Getting Insufficient Sleep in Middle Age Linked with Increased Dementia Risk Later On

Health experts recommend that all adults log at least seven hours of sleep a night. Sufficient sleep can help you get sick less often, remain at a healthy weight, reduce stress, and make better decisions. However, not sleeping enough can lead to plenty of problems, possibly even an increased risk of dementia.

Researchers from University College London and INSERM looked at the sleeping habits of people in their 50s and 60s and discovered that those who got six or fewer hours of sleep per night were more apt to develop dementia. The findings were recently published the journal Nature Communications.


Dr. Séverine Sabia from UCL Epidemiology & Public Health and INSERM served as lead author on the study.

She says, “Sleep problems are known to occur in people with dementia, but it remains unclear whether sleep duration in midlife affects the risk of developing dementia at older ages. Here, by using a very long follow-up period, we have found that short duration sleep in midlife, assessed more than 25 years before mean age at dementia onset, is associated with dementia risk in late life.

“While we cannot confirm that not sleeping enough actually increases the risk of dementia, there are plenty of reasons why a good night’s sleep might be good for brain health. These findings confirm the importance of sleep hygiene for health.”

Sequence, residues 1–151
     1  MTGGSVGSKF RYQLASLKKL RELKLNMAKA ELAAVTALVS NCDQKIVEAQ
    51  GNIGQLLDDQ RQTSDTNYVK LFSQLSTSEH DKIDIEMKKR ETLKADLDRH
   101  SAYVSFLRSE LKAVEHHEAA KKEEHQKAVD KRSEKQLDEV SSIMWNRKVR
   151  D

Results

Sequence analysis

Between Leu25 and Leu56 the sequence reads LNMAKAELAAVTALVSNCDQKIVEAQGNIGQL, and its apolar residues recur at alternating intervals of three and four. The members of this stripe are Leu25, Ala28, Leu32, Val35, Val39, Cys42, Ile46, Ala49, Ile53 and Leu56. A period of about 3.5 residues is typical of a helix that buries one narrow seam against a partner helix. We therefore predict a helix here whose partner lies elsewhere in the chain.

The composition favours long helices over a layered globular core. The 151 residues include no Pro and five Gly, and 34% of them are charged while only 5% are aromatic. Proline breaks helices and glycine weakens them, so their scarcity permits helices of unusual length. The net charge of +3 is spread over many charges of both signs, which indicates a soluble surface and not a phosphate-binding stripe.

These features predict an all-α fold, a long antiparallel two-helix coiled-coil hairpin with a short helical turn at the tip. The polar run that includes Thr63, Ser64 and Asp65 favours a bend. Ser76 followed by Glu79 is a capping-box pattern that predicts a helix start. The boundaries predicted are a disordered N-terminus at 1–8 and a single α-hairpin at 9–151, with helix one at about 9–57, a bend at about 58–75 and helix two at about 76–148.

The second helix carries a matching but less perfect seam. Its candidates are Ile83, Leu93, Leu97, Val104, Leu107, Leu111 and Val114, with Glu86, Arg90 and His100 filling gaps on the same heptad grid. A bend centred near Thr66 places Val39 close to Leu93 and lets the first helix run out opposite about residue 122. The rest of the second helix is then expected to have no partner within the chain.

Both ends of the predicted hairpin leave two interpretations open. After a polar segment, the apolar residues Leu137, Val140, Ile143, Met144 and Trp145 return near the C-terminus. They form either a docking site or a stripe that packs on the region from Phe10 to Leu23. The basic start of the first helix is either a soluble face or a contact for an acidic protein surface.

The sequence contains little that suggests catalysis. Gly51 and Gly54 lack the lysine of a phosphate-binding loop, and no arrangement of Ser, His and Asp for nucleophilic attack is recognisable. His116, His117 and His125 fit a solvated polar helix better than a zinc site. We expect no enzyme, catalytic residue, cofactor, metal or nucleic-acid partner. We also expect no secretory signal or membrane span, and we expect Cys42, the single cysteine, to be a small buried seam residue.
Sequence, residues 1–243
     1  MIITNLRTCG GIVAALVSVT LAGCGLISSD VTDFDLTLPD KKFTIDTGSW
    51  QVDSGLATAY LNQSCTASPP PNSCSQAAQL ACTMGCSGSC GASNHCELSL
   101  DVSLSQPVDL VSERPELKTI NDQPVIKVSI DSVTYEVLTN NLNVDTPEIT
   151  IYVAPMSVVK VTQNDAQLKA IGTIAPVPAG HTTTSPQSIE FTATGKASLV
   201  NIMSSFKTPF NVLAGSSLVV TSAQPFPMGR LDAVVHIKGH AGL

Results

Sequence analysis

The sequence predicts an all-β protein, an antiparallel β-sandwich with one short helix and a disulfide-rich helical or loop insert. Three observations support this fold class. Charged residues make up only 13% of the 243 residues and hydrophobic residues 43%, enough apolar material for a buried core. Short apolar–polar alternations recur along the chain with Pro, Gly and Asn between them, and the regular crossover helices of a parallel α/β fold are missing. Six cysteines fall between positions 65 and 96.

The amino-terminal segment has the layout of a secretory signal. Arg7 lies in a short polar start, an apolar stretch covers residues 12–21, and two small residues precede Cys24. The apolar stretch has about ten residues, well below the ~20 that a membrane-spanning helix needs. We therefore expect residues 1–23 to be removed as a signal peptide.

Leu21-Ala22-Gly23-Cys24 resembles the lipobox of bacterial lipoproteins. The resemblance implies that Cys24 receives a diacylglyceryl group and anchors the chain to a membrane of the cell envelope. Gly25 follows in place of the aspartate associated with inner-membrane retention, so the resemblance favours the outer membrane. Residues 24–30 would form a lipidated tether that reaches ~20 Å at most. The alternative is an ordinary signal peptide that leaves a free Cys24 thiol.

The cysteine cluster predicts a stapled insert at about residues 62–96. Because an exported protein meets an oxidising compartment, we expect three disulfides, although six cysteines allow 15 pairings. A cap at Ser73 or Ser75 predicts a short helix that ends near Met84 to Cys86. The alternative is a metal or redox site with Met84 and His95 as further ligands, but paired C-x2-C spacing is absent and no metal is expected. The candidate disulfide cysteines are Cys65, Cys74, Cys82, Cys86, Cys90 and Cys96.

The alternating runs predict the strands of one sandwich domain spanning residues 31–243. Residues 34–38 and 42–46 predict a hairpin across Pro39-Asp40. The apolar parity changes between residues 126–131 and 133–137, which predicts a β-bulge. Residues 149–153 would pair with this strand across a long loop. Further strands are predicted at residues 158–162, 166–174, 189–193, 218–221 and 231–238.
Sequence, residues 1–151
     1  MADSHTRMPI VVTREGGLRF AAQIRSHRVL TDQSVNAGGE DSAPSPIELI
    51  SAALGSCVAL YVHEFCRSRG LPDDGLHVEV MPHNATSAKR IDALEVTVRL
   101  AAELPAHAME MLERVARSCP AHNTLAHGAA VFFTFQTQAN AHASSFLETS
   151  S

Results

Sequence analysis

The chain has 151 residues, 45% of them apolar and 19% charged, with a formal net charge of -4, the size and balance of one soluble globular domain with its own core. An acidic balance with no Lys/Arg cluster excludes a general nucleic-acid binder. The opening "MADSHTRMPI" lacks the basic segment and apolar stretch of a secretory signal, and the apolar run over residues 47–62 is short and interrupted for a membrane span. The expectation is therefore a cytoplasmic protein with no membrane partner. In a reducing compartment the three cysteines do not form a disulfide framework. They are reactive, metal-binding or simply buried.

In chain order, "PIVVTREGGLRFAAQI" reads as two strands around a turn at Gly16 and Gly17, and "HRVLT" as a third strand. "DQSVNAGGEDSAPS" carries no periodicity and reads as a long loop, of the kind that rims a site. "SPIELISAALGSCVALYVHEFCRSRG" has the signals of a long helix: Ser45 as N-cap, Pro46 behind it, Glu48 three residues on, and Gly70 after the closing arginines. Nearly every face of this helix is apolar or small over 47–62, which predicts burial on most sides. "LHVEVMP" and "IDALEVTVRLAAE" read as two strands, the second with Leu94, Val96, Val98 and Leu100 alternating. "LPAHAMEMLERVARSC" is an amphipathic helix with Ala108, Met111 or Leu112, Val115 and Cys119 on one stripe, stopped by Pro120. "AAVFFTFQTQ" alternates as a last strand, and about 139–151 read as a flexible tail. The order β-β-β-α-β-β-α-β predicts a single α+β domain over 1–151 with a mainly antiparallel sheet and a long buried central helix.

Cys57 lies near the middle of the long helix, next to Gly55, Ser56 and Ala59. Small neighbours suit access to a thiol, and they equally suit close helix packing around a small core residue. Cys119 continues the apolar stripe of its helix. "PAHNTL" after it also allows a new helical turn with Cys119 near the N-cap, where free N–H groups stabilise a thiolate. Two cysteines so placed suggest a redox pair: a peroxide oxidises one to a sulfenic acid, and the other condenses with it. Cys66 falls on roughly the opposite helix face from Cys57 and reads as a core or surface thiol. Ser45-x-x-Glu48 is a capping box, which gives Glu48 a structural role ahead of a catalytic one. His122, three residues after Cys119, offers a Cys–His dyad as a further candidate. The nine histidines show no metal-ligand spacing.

To conduct the research, data from nearly 8,000 British adults who took part in the Whitehall II cohort study were used. That’s a long-running health study that has investigated topics including stress and aging. The participants had self-reported their sleep duration six times between 1985 and 1988, when they ranged in age from 35 to 55, and from 2015 through 2016, when they were between the ages of 63 and 86. Some also wore watch accelerometers to get a more objective figure. These steps allowed the team to look at the sleep patterns of each person at the age of 50, 60, and 70.


By 2019, 521 of the participants had developed dementia. Those who had gotten six or fewer hours of sleep each night during middle age were found to be 30% more likely to develop dementia as they aged than those who had had at least seven hours. There did not appear to be a connection between dementia and sleeping for eight or more hours. Researchers found this increased risk across the board and did not see different numbers based on mental health, heart health, or any specific demographics.

Dr. Archana Singh-Manoux from UCL Epidemiology & Public Health and INSERM, senior author, says, “We know that sleep is important to our brain health, as it is involved in learning and memory, waste clearance from the brain, and the ability of our brain cells to remain healthy. A better understanding of how sleep features might shape our risk of dementia is needed, as this might help researchers develop new ways to reduce the risk of dementia, or to delay its progression.”

Other studies have found an increased risk of dementia in elderly people who reported five or fewer hours of sleep a night.

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